Hi, friends. I’m giddy you stopped by! I hope everyone is enjoying a lovely weekend.
As promised a couple of weeks ago, I have a special guest blogger here today. Technically this was supposed to happen last weekend, but unfortunately, my guest was in a car accident that totaled his beautiful convertible. Ugh! No worries, though, because aside from a few cuts and a little soreness, he’s feeling A-OK. And that’s a very good thing because I happen to be in love with this guy!
Readers, today I’m turning things over to my sweet husband, Mr. C, who is going to share with you a little bit about the whisk(e)y education we received on our recent anniversary getaway. Enjoy.
Whisk(e)y…With an ‘E,’ by Mr. C
Wendy and I recently took a vacation to Lexington, Kentucky. The sole purpose of our trip was to experience the American evolution of something that the early colonists brought over from Scotland and Ireland. Whisky. I mean Whiskey…although in this case, they call it Bourbon. Let me tell you, some folks are very sensitive to spelling and names. That, however, is not what I want to talk to you about today. Today, I want to tell you that regardless of what you call it or how you choose to spell it, this amber liquid is incredible in all of its varied forms. Especially when shared with your best friend.
The basic formula is consistent across the entire world. Water, Yeast, Fire, Wood, Sugar in the form of a fermentable grain, and Time. Lots and lots of time. It is the variations in these ingredients that create the wide array of choices available to us around the world. There are two things which primarily distinguish bourbon from my favorite form of whisky, Scotch. Where single malt Scotch is made entirely from malted barley, bourbon is made with a blend of grains which must be at least 51% corn. Bourbon must also be matured in a new American oak cask that has been charred on the inside. Reuse of the cask is prohibited for bourbon. As a result, bourbon casks are resold to wine makers, beer brewers, and other whisky producers where they continue their life, adding nuances of flavor to these other libations.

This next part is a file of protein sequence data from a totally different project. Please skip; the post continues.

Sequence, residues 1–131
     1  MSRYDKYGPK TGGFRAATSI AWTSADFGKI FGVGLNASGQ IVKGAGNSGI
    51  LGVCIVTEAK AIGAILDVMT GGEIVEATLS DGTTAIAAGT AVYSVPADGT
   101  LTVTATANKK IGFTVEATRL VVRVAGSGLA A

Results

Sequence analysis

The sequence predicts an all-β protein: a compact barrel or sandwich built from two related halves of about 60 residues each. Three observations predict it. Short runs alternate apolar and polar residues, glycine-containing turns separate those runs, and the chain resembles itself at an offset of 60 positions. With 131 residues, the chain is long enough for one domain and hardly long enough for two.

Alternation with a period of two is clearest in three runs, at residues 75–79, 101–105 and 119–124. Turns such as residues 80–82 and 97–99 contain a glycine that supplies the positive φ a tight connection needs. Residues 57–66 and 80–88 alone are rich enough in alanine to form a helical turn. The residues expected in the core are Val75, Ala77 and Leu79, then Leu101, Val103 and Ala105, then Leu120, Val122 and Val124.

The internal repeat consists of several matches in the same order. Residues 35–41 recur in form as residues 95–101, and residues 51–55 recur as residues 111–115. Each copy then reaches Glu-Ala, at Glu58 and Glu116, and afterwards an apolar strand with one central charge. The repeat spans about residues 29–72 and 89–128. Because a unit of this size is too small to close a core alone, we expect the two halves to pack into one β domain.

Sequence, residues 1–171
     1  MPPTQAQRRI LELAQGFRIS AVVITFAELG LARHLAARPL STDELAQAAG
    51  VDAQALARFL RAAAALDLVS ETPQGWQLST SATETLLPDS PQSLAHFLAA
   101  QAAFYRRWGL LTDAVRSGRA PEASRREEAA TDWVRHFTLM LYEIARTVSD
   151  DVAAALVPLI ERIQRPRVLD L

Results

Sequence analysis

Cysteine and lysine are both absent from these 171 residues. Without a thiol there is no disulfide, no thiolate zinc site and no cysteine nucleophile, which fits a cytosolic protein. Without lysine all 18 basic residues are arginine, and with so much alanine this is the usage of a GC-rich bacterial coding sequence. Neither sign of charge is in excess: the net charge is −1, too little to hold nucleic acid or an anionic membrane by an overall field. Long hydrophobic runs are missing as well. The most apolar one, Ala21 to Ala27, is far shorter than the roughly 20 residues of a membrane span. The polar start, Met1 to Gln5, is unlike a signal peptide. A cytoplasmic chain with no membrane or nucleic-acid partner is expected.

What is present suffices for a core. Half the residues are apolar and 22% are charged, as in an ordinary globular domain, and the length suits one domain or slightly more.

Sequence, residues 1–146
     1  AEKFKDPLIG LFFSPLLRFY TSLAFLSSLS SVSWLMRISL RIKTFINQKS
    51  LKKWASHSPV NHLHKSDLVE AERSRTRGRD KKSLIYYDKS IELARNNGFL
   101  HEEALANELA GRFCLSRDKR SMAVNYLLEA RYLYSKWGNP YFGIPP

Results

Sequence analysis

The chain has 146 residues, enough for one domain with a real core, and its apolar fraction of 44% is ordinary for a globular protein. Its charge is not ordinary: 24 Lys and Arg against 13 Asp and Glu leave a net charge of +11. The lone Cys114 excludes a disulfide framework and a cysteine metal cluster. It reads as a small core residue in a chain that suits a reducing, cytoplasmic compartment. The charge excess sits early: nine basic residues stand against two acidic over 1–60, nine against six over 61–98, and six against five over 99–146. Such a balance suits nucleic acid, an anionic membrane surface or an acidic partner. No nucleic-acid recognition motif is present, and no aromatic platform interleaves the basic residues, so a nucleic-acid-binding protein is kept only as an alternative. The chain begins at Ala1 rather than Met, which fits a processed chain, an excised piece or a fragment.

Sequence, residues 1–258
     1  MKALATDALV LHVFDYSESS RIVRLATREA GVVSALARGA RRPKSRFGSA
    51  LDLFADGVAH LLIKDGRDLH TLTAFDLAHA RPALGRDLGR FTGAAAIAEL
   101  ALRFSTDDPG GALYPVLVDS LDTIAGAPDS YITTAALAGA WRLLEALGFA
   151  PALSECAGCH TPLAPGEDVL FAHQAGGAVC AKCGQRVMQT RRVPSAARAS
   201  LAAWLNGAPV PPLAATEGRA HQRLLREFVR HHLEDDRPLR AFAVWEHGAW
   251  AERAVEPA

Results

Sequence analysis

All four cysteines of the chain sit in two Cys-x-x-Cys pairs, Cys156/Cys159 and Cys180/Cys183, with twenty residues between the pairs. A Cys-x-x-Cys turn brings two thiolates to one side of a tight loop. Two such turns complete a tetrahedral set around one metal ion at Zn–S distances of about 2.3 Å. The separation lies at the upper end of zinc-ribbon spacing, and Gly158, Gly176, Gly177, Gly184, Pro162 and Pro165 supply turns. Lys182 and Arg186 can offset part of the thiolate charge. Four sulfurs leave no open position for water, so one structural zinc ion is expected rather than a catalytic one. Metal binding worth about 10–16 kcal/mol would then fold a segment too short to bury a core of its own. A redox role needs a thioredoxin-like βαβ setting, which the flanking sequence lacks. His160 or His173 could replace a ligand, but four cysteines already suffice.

On our recent trip, Wendy and I visited three distilleries: Buffalo Trace, Maker’s Mark, and Woodford Reserve. I was amazed at how different all three distilleries are.
Buffalo Trace is an enormous, industrial feeling complex.
They produce multiple brands using only three recipes, also called the grain bill. The recipe differences lie in the proportions of corn, rye, and wheat. However, the majority of the flavor differences in the products they produce actually come from the work of nature after the distillation and casking is complete. The temperature and humidity variations through the seasons as well as the specific tree that any given cask is made from, contribute an enormous amount of variety to the flavor of the finished whiskey.
Everything about Buffalo Trace is HUGE! The fermenting tanks have a capacity of 92,000 gallons each! They have 12 of these!
The heart of the whiskey production is an enormous, 60,000 gallon column still that produces the “White Dog”, or un-aged bourbon. The column still, also called a Coffey still, is named after Aeneas Coffey, an Irishman who perfected and then patented the pre-existing concept of a continuously operating still. This still is different from the giant copper pot stills that are used in the majority of Scotch production. The main difference is that the column still can run continuously, while the pot still must be stopped and refilled for each run. But to whisky enthusiasts, the differences go much further. Much debate exists over the differences in flavor and quality produced by each type of still.